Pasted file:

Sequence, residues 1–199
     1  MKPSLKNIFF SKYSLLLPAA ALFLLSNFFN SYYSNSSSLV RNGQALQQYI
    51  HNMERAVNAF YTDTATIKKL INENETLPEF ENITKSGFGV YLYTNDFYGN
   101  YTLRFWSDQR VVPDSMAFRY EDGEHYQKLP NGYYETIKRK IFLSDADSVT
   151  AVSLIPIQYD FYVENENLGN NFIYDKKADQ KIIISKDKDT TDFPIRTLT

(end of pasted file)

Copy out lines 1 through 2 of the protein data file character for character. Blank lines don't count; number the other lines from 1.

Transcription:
Sequence, residues 1–199
     1  MKPSLKNIFF SKYSLLLPAA ALFLLSNFFN SYYSNSSSLV RNGQALQQYI